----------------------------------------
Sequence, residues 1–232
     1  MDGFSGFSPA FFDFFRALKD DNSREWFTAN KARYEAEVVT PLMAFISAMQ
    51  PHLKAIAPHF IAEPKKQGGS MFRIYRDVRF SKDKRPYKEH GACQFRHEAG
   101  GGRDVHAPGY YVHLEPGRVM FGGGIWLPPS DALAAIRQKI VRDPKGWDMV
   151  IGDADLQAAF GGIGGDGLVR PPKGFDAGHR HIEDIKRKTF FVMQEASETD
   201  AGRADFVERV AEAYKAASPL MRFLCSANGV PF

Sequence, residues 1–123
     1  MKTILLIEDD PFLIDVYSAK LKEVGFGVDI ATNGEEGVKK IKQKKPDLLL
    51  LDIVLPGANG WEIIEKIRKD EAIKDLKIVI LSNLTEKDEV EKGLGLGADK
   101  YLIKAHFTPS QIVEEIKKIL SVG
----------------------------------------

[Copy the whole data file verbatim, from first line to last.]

Sequence, residues 1–232
     1  MDGFSGFSPA FFDFFRALKD DNSREWFTAN KARYEAEVVT PLMAFISAMQ
    51  PHLKAIAPHF IAEPKKQGGS MFRIYRDVRF SKDKRPYKEH GACQFRHEAG
   101  GGRDVHAPGY YVHLEPGRVM FGGGIWLPPS DALAAIRQKI VRDPKGWDMV
   151  IGDADLQAAF GGIGGDGLVR PPKGFDAGHR HIEDIKRKTF FVMQEASETD
   201  AGRADFVERV AEAYKAASPL MRFLCSANGV PF

Sequence, residues 1–123
     1  MKTILLIEDD PFLIDVYSAK LKEVGFGVDI ATNGEEGVKK IKQKKPDLLL
    51  LDIVLPGANG WEIIEKIRKD EAIKDLKIVI LSNLTEKDEV EKGLGLGADK
   101  YLIKAHFTPS QIVEEIKKIL SVG